- XAML (rhymes with Camel)
- Ummm…there is no 2. XAML is the big thing about WPF.
- Actually, I lied there is a number two and several points after but they all point back to 1.
- Okay that’s wrong too there are other highlights in WPF that aren’t directly tied to XAML but they are a bit more technical than I care to go into now. (Again, I’ll point you to Greg Schechter for more technical discussions.)
XAML or eXtensible Application Markup Language, is basically the representation of UI in XML. XAML brings the power of declarative UI programming to Windows desktop applications. I say desktop applications because ASP.Net apps already have a similar feature called html.
One major feature of ASP.Net development is that logic is CLEARLY separated from presentation. Well it is possible to have scriptlets of logic within an ASP.Net page and to imperatively create HTML elements in a code-behind file; but for the most part ASP.Net supports a model of separation, leaving UI Design to designers and business logic to coders.
WPF gives desktop applications a similar development model with XAML. Of course, a developer is free to create his (or her) WPF application using all imperative code. He would also be free to create his web app using only ISAPI.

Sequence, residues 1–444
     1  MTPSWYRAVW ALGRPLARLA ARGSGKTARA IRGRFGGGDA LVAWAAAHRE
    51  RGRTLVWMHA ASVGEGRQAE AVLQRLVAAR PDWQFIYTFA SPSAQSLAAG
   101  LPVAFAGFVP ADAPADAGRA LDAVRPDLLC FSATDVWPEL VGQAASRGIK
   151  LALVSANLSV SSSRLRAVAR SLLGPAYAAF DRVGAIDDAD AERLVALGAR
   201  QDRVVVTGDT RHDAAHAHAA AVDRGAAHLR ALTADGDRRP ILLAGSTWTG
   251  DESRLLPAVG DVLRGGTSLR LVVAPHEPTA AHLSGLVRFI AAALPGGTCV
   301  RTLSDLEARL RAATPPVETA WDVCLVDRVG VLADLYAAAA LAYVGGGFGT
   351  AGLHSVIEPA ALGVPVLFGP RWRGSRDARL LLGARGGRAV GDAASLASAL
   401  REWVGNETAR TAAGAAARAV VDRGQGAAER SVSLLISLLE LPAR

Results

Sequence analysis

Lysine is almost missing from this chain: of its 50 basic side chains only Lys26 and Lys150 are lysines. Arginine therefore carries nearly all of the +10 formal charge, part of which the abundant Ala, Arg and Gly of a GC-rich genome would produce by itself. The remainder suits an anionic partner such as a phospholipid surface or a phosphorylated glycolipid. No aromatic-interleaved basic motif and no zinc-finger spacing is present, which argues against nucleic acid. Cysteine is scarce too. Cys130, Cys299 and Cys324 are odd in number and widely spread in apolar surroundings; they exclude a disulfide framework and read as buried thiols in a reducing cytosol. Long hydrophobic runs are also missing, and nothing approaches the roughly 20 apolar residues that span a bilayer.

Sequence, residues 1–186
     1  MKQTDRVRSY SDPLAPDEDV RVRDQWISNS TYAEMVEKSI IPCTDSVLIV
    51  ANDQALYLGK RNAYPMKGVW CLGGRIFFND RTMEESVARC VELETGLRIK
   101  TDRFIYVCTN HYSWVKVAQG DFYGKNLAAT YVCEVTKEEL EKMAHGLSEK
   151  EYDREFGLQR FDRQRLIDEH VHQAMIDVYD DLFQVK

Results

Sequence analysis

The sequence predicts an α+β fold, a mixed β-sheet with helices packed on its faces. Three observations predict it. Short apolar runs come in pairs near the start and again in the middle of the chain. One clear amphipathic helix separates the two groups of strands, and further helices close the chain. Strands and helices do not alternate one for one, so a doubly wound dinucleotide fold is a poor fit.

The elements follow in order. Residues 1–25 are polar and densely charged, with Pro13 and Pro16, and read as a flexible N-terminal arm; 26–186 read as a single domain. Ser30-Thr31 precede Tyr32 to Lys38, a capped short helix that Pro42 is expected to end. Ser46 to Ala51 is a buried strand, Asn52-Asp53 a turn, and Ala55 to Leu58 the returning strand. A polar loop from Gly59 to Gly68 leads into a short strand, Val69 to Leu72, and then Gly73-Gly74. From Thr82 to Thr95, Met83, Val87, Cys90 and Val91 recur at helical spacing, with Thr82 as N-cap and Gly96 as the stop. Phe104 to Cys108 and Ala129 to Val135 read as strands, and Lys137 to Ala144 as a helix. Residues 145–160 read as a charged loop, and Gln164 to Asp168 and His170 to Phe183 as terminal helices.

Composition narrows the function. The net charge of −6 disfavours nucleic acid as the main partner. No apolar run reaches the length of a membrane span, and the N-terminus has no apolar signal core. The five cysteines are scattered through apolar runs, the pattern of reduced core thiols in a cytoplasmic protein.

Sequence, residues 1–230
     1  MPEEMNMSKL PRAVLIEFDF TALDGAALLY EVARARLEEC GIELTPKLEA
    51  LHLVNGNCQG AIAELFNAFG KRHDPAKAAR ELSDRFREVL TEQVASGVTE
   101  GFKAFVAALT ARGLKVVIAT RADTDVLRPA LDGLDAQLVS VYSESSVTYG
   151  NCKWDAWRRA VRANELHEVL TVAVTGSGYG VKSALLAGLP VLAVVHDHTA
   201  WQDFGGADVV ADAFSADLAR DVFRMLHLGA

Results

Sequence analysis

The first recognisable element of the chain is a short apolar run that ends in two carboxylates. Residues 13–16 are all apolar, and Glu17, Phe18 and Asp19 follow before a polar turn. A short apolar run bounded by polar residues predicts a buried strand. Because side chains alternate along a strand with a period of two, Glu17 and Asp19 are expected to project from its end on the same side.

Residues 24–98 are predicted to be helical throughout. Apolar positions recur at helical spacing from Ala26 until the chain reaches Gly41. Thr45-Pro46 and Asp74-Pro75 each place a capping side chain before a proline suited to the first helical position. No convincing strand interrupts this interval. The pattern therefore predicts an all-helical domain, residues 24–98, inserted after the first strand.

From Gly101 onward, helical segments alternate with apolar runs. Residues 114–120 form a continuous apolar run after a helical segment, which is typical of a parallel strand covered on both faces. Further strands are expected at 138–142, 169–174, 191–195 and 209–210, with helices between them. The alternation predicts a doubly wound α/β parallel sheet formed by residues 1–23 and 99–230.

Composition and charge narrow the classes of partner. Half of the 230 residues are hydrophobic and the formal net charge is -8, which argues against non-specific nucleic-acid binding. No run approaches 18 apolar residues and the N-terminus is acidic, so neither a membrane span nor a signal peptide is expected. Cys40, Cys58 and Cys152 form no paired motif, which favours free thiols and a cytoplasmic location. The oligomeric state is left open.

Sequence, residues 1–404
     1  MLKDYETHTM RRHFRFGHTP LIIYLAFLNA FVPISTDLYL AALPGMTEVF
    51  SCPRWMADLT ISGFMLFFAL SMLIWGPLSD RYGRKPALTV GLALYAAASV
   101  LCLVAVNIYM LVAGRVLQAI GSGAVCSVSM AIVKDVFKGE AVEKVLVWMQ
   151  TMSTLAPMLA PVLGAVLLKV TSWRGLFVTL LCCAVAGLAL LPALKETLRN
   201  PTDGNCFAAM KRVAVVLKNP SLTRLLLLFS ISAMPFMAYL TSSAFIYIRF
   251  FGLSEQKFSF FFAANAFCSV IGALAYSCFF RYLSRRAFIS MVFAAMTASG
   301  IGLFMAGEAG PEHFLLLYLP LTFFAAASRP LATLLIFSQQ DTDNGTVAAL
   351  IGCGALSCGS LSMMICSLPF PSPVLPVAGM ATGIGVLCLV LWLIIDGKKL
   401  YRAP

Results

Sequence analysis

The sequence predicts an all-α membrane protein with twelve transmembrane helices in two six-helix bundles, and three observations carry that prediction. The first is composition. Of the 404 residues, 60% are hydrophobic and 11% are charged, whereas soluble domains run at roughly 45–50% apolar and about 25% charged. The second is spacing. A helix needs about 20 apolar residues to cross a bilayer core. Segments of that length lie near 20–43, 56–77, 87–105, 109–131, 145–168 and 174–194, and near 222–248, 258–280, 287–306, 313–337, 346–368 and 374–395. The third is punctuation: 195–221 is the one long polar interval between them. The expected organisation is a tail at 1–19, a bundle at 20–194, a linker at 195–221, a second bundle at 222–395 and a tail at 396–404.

This is the big deal regarding WPF. For the first time, designers can create their mockups using a tool that is targeted toward designers (namely Expression Interactive Designer) and have it immediately useful for developers. The reverse is also true. Developers can create a basic UI for their application in Visual Studio and a designer can use the same files to enhance the UI in Expression. Gone are the days of designers creating mockups in a graphics tool and developers having to translate that look into a windows form. XAML creates a bridge between developers and designers that simply did not exist before. If you’re not excited yet, you should check your pulse.